I Will Show an Abortion on TV

Unpacking the challenges of trying to portray an abortion on-screen.

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Abortion has always been my big issue. In eighth grade, I founded the Women's Issues Club at my school and marched on Washington for reproductive rights with my hero, Dr. Ruth. Though one side of me was a junior activist, the other was a TV addict. I loved love. I loved soaps. However, even as a teenager, I was yelling at my TV, wondering why there were so many pregnancy-scare plotlines and no one actually had abortions. Even when characters briefly considered having an abortion, they were often guilt-tripped out of it. Remember how Andrea on 90210 was all set to go to a clinic and then "communicated" with her unborn fetus? Or when Jo on Melrose Place, who got pregnant by a man who tried to kill her, still decided to keep her baby? Or when Julia on Party of Five heroically decided she was a kid, she wasn't ready for this in her life, and then conveniently miscarried?

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I knew what I would choose, on the off-chance anyone ever had sex with me and, despite my being on the pill and the condom I would no doubt insist my imaginary partner use, I actually got pregnant. And thanks to Dr. Ruth and my Women's Issues Club, I knew this was a choice being made by one in every three women. But it was nowhere on the television.

Skip ahead many years, and I am writing for TV. I'm writing teen network soaps. I figure, this is great! Finally! I can live my dream of depicting women's health and abortion in a realistic and healthy way.

Skip ahead many years, and I am writing for TV.

And … here come the pregnancy-scare plotlines. And they made me bonkers.

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"Come on, these are privileged, smart people," I'd yell in the writers' room. "No way would Blair spend six acts bemoaning how her life would change if she were knocked up. She'd grab the first cab to Planned Parenthood and tell Chuck after the fact!"

But I wasn't in charge, and the people in charge told me it was more complicated than that. There were networks, studios, advertisers, and fans to appease. That one day, when I was in charge, I'd understand.

Skip ahead again a couple of years, and I AM in charge. I've got my own show. And … it's Hart of Dixie.

Unfortunately, the show I created was not a vehicle to talk about abortion either. Hart of Dixie was a fluffy rom-com on which Rachel Bilson played a fish-out-of-water doctor in a small town called BlueBell, Alabama. And though I turned this town into a sweet little liberal utopia — post-racial, actively feminist (my fantasy Alabama school system taught evolution AND progressive, science-based sex ed) — this was network TV. With the CW brand. With a small, vocal audience that was largely based in the red states. And while I felt pretty good about subverting some of the more troubling tropes of romantic comedies, like having women pay on dates and propose to men as often as vice versa, it just wasn't the place for the dream I've had since I was a teenager of depicting routine, safe, stigma-free abortion on TV.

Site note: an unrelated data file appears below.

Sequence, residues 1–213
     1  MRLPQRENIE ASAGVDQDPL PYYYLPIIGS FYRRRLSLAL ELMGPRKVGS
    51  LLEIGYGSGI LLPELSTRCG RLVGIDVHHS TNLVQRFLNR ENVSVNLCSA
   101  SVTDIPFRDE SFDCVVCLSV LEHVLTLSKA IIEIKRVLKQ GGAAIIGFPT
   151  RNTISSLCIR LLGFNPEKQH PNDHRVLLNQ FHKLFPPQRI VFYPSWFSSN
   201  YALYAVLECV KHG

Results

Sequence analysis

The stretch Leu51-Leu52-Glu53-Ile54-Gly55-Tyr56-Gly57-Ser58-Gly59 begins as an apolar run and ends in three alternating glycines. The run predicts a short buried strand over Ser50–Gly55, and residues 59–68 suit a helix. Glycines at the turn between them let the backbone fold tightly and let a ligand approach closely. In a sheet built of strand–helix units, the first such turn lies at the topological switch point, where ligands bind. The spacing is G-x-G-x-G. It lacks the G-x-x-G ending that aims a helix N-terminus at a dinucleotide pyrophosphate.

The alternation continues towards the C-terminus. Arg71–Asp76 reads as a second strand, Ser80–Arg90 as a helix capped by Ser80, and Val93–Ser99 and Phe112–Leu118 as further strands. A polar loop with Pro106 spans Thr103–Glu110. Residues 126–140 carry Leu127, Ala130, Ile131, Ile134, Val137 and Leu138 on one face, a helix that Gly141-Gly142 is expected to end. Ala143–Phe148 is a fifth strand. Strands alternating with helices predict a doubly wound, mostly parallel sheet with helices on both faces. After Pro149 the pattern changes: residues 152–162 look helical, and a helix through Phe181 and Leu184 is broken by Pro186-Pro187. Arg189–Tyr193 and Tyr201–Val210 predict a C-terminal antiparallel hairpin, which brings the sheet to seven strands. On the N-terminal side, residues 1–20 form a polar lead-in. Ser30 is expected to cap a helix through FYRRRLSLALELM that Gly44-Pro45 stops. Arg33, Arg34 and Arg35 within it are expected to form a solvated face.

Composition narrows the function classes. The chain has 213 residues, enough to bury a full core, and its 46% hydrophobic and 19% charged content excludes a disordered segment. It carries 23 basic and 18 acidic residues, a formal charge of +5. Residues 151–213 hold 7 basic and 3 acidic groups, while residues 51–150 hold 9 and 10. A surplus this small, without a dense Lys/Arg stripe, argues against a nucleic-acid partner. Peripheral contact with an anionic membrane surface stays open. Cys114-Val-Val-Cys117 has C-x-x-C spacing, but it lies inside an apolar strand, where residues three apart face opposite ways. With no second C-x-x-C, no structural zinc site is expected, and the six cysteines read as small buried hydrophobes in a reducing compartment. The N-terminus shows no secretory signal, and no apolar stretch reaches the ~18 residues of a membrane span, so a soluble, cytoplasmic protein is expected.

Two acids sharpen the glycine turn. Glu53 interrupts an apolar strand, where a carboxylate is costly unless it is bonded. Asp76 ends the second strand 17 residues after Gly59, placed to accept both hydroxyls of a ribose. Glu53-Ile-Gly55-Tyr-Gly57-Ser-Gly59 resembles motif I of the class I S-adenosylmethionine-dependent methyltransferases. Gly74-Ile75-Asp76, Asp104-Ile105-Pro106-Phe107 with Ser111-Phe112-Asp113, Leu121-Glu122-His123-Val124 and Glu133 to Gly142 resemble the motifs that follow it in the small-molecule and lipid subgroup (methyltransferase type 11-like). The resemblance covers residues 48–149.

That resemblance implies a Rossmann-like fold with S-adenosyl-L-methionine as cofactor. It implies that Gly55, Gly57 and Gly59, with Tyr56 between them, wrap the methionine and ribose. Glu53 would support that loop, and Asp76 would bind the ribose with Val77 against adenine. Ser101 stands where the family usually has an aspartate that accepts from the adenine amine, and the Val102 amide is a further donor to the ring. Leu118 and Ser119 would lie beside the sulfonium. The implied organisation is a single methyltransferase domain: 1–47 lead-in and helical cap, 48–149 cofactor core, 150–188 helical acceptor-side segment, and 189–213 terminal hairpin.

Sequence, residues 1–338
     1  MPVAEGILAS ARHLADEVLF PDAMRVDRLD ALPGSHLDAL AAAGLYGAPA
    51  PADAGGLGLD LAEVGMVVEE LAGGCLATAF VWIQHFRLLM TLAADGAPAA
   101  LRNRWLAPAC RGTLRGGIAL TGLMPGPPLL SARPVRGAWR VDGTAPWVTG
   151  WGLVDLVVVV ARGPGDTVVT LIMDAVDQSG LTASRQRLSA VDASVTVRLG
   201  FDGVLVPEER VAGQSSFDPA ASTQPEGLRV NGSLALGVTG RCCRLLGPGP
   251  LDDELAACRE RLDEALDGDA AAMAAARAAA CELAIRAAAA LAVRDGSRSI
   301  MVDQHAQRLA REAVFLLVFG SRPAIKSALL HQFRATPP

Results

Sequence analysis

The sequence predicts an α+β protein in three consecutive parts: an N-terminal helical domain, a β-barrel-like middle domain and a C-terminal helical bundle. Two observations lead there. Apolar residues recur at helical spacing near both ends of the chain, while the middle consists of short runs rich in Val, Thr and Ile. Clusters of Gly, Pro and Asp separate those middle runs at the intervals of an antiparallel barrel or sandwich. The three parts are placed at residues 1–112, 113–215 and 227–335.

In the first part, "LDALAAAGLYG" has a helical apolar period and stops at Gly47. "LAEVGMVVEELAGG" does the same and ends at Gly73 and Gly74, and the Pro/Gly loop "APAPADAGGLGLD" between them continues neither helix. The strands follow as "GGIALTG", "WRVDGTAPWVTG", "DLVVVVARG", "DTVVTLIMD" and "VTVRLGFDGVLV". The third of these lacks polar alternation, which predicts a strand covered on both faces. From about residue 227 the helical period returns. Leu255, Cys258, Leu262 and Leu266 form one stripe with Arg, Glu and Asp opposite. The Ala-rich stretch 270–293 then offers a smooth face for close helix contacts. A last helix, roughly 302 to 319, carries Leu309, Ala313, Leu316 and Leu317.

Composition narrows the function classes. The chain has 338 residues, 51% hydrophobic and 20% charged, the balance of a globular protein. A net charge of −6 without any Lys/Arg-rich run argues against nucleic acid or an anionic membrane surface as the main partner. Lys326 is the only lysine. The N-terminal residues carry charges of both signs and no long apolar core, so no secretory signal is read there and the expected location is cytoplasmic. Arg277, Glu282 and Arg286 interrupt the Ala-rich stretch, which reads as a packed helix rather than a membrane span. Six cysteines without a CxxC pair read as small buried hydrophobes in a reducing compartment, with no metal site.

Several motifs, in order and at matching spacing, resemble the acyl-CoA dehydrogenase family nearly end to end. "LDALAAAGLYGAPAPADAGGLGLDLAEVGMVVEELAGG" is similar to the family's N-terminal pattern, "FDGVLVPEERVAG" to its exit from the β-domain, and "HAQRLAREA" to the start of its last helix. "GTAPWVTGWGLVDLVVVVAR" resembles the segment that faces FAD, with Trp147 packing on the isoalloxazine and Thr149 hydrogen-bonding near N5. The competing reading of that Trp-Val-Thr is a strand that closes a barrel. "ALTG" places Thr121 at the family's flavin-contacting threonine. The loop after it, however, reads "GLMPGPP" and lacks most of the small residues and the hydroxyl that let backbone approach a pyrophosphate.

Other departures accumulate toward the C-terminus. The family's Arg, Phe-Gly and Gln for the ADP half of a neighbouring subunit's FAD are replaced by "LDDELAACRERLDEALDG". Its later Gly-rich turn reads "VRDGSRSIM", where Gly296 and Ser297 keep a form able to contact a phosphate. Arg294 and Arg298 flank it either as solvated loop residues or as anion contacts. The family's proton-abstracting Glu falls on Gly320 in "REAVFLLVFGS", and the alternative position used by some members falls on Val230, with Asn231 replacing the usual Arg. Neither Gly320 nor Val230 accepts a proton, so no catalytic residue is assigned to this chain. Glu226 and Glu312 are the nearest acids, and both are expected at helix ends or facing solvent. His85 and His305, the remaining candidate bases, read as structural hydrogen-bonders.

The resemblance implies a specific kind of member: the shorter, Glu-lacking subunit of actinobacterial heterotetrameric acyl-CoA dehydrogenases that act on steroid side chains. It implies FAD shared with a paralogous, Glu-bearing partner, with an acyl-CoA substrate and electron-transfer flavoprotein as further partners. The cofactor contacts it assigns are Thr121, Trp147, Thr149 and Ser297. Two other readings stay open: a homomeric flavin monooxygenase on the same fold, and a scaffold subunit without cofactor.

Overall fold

Unfortunately, the show I created was not a vehicle to talk about abortion either.

In fact, irony of ironies, just as we were about to start breaking what was sure to be our last season of the show, our star gives me a call to tell me she'll be five months pregnant when we start shooting. Super-pregnant! And it's wonderful, because babies are wonderful, and Rachel Bilson is wonderful, but … I've been trying to give Rachel Bilson a fictional abortion on TV since she was Summer Roberts on The OC!

So as I'm finishing my show and trying to serve my audience, I've got to concoct some scenario in which a smart, feminist, ambitious, 30-year-old doctor at the beginning of her deeply satisfying professional life, who we've seen teach BlueBell tweens about contraception, could not only plausibly accidentally get pregnant BUT ALSO opt not to get a simple medical procedure or take a pill and carry on with her life until some future time when she wants to actively choose to get pregnant.

But here is my lead actress, and she will be nine months pregnant when we wrap the season, and … let's face it, it was a great way to end the show. Dr. Zoe Hart gave birth in our series finale. It was life-affirming and shit, there was a musical number, and everyone cried. But my eighth-grade Women's Issues club would have been so disappointed.

It was life-affirming and shit, there was a musical number, and everyone cried.

Don't get me wrong, I loved my little show, but I looked at some of the shows on cable, shows like Girls and Please Like Me that are changing the discourse on abortion, and I felt really jealous. Those writers were living my dream! So this year, I developed a pilot with Lena and Jenni that we sold to HBO that was basically M*A*S*H set at the last abortion clinic in Texas. But even though the script was (obviously) exceptionally excellent, HBO passed. It's possible even the most progressive of networks wasn't ready to treat an abortion clinic like another doctor's office.

But I am not giving up. One day we will show an actual clinic on the air, with kind, caring professionals, where women will go to take care of a problem and leave without guilt or anxiety but with relief. And maybe this woman won't even be a teenager, maybe she'll be a grown woman, a mother, like 60 percent of the women who actually do have the procedure, choosing to put the needs of her family before those of an unborn child. I know it's what Dr. Ruth would want.

Leila Gerstein is a writer and a mother (by choice), living in Los Angeles.

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